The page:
In non-hypothetical 2012, my high school drama class studied and performed scenes from Samuel Beckett’s absurdist play Endgame. It follows characters living in limbo, etching out familiar circles and familiar routines in a creaky house, never going outside, never speaking a single sentence that made any kind of sense—Beckett was a dude who revelled in the nonsensical. His plays make a lot of points, but they don’t make a lot of sense. Nevertheless, 16-year-old me—lots of hair, not a lot of courage—took on the challenge. I performed scenes from that play in front of my peers multiple times a week. And, multiple times a week, I was terrible at it. I walked onto that mercifully dim-lit stage, stood my ground, projected my voice, and I was terrible. It was like I was stuck on step one of Acting School for Dummies: make yourself a blank slate. I could never quite get myself to step two: emotion.

This isn’t something I’m realising in hindsight, like when you read your poetry from four years previous and you feel like your spine is being ripped right out of your back. I knew it at the time. I knew it in my bones, but year after year I came back to that classroom. The drama students were my comrades, and our drama teacher was our spirit guide through the wilderness of real life. The best mix of cynical and inspirational, like a walking TED Talk. In that class, I failed a million times every day. I failed in the same spot, right in front of the green screen, three to four times a week.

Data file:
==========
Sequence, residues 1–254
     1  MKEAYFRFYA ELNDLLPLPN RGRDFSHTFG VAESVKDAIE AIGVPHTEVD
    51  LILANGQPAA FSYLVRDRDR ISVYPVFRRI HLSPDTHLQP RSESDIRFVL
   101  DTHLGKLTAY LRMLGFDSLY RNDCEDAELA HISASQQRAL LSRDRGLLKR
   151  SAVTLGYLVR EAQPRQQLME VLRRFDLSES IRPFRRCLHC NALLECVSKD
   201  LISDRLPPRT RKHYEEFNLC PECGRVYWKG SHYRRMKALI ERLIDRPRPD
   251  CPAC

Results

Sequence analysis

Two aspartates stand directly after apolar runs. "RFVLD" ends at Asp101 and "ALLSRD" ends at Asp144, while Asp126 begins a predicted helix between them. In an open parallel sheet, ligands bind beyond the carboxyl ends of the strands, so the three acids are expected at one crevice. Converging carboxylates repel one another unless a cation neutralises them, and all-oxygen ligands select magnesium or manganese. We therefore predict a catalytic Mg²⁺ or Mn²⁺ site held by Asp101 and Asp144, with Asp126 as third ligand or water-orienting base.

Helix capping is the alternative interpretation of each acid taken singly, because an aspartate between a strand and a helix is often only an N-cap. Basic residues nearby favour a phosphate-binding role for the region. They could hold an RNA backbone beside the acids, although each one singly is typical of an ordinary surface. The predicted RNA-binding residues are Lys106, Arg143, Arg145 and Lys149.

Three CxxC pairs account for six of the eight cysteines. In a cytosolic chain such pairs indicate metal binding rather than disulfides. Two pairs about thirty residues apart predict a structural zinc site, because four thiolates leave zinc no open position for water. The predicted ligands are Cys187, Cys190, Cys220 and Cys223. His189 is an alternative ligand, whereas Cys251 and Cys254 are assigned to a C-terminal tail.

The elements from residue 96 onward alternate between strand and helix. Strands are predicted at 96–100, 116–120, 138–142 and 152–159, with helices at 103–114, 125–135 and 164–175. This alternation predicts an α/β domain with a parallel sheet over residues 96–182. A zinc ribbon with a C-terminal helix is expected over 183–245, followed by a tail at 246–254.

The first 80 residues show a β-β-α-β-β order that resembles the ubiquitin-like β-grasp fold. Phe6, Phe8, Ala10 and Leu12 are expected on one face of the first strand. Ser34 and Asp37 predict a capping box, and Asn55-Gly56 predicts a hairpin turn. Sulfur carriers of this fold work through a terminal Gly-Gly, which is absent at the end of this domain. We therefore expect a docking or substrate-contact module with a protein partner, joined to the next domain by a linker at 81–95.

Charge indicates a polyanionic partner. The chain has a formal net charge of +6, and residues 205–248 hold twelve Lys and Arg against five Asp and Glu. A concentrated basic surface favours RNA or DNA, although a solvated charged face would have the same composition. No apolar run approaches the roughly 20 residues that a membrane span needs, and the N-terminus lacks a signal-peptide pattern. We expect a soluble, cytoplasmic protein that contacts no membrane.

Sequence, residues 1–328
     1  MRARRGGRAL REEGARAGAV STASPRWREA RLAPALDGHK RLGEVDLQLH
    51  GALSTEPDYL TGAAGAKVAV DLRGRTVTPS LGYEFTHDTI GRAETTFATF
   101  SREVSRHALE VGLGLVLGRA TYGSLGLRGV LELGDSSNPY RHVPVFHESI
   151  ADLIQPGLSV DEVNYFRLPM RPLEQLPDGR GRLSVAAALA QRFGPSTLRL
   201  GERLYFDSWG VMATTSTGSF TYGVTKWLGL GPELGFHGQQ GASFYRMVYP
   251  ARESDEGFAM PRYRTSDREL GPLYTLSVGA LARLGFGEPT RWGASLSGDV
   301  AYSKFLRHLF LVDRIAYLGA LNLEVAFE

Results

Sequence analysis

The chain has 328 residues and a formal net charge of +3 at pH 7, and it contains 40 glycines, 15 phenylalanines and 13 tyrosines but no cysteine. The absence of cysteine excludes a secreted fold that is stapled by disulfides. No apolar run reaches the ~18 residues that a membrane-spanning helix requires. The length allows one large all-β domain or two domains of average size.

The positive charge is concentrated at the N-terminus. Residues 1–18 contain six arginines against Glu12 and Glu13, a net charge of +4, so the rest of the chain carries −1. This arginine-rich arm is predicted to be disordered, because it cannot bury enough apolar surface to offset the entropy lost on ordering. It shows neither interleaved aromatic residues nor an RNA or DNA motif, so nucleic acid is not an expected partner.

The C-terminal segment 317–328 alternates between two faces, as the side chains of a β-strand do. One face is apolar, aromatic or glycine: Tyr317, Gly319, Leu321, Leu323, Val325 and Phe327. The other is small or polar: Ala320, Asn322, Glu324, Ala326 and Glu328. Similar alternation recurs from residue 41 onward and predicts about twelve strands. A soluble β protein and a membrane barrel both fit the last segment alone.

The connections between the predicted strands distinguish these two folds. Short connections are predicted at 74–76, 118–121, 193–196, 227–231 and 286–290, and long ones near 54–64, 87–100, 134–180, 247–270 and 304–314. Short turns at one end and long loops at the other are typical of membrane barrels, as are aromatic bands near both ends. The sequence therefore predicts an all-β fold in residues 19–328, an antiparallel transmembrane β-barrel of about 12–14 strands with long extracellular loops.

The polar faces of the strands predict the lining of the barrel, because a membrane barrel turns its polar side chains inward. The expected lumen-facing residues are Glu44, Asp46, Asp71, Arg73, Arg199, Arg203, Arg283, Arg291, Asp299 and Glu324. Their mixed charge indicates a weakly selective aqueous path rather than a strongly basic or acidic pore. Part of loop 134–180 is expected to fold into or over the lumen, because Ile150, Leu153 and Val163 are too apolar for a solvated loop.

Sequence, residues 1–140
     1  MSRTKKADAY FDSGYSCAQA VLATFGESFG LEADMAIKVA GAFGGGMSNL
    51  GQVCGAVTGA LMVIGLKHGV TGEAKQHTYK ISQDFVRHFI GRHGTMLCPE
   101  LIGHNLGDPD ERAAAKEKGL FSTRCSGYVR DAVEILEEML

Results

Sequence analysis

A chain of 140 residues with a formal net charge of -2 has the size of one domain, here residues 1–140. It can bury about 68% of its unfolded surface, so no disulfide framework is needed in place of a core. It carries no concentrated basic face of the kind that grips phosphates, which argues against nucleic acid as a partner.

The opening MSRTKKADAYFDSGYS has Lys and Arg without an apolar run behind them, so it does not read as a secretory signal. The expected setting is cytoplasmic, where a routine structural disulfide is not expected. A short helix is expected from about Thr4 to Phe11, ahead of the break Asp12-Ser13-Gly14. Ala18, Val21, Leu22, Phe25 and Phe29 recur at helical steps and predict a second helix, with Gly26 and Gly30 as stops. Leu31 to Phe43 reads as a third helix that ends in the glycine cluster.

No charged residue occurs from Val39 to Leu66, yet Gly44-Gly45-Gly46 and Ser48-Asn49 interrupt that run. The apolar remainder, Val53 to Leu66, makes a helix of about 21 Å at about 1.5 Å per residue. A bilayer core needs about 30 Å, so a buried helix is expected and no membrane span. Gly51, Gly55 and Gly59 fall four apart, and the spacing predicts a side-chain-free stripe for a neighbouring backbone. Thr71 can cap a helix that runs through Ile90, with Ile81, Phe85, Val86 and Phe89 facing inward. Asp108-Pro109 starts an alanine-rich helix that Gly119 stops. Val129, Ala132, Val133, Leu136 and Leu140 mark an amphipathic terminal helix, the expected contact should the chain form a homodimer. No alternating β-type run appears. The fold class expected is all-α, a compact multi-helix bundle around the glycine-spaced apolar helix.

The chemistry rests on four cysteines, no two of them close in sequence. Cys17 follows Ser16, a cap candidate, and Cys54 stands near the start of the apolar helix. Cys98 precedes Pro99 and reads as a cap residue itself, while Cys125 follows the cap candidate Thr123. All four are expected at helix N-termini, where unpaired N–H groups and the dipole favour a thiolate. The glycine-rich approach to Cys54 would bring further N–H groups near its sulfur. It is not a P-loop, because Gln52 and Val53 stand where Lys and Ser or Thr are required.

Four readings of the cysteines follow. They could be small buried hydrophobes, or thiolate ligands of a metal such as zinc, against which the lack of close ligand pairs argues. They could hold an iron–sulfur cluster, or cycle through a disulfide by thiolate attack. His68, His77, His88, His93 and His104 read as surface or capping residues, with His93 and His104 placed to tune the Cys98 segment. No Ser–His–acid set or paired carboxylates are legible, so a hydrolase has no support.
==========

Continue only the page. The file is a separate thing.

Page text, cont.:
I’m pretty sure we all want talents. We all want to have those things we’re preternaturally good at: writing, dancing, sewing, climbing trees. Because when we do those things, for at least a moment, we have purpose. In those moments, for me, I feel built for something. And a sense of purpose is a powerful thing to have on a rainy Wednesday afternoon. It’s the fire that makes people want to go out and spend their free time learning and growing.

But in that classroom, performing scenes from a play with no path or purpose, I realised the true power of being crap. Like, no-one-can-save-you, no-teacher-can-teach-you, crap.

As a teenager I put myself under supernatural amounts of pressure: to be good, to be smart, to be better. And now, I still drag myself into the trenches from morning to midnight. As Ze Frank would put it, I have an abundance of “healthy little fires that are gonna warm up my ass.” There are things I work for, that get me out of bed, that keep me on the very tips of my toes. Stories I want to tell, people I want to talk to, things I want to get out into the world.

But there’s a strong case to be made for being crap at something. It’s a relief. Find a safe space, something you’re bad at, and be bad at it. It’s akin to standing in the middle of a desert, or on the edge of a cliff, or on a metre by metre island in the Pacific, and just screaming into nothingness. And learning how to fail and fail again, especially when you have no hope of making it anywhere significant in the scheme of an overachieving mind, is valuable. Learning how to squeeze enjoyment out of failure, is valuable. Having somewhere to go and something to do that’s at least a step away from your own expectations and the expectations of others, is valuable.